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Stateside

Here you'll find the full program for Michigan Radio's Stateside. To find the individual segments and posts, go here.

Stateside 1.13.2017

Jan 13, 2017

Today, we talk to Sen. Debbie Stabenow about why she opposes the confirmation of Betsy DeVos for U.S. Secretary of Education. Plus, we chat with the head of the state Department of Transportation about Michigan’s role in developing driverless cars.

Today, we speak with the head of Michigan's Democratic Party, Brandon Dillon. Also, despite a scientific consensus that Flint water quality is improving, Flint residents are still skeptical. We get Congressman Dan Kildee's take on yesterday's Town Hall meeting in Flint.

Stateside 1.11.2017

Jan 11, 2017

It's a new year and a fresh start for the Michigan Legislature, with a new session kicking off today. We meet the new speaker of the state House. Plus, we hear about what happened when the state automated its unemployment claims system.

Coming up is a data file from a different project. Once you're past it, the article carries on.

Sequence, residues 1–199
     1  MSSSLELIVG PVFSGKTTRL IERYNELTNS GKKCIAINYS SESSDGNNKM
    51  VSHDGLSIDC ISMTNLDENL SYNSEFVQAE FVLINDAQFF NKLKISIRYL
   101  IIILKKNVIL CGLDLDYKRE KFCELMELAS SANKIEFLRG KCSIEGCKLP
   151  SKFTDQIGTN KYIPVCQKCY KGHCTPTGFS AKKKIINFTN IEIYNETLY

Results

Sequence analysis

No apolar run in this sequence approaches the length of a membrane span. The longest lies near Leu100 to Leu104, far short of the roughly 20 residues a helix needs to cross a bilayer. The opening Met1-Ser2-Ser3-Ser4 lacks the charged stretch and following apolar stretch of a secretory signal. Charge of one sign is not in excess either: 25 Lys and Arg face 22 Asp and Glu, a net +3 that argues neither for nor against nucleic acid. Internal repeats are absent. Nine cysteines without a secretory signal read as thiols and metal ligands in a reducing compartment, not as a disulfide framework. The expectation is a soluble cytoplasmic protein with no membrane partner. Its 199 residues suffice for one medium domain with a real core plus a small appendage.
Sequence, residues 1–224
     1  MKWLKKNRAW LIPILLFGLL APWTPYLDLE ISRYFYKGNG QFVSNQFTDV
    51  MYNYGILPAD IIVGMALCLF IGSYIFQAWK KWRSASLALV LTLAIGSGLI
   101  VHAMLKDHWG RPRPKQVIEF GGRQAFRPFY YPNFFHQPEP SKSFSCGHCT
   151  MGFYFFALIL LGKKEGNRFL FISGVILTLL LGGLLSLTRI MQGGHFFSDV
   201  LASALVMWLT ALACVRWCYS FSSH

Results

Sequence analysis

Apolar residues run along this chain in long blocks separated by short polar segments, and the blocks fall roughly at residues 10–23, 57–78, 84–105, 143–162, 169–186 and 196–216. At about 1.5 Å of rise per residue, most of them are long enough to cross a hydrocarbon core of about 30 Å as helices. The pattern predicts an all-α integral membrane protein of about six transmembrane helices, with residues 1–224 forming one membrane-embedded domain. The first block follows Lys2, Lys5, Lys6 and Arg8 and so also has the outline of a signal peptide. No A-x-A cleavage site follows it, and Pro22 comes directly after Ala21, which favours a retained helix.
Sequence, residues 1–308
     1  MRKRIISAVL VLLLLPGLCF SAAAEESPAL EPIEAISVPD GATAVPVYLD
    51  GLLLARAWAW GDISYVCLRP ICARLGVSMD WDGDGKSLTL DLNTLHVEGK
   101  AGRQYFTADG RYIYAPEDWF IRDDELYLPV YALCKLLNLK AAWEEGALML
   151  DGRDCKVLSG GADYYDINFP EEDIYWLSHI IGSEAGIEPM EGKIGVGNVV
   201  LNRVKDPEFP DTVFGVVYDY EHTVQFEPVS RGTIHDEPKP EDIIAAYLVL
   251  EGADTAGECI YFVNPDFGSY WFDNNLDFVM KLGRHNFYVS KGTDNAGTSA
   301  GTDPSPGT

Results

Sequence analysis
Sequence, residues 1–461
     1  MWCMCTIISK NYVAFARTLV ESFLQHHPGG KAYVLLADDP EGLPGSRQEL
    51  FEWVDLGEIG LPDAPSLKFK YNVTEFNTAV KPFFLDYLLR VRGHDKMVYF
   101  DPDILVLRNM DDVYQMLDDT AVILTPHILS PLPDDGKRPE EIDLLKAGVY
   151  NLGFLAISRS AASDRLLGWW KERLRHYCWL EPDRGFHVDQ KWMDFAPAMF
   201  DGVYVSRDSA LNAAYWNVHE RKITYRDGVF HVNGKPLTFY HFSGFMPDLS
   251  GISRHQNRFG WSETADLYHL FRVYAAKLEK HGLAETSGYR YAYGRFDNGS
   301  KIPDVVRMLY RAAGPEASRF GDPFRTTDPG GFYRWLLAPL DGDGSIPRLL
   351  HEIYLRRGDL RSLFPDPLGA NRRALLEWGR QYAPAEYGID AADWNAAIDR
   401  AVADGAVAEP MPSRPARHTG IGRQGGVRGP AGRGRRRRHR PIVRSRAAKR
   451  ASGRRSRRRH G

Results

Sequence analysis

Stateside 1.10.2017

Jan 10, 2017

As the Michigan Legislature prepares to start work for the new year, we'll talk with two new state representatives on today’s show. And, we’ll hear how the people of Bolivia can teach us lessons in meeting our water challenges. 

Stateside 1.9.2017

Jan 9, 2017

For the first time in seven years, an elected Detroit school board is in place. Today, we talk with Sonya Mays, one of the board members. And, a public health expert goes back in history to find the true cause of the Flint water crisis.

Stateside 1.6.2017

Jan 6, 2017

Today, we learn why it's harder than we thought for kids to do better than their parents socioeconomically. And, we hear why biologists are saying Earth is in the midst of a sixth mass extinction.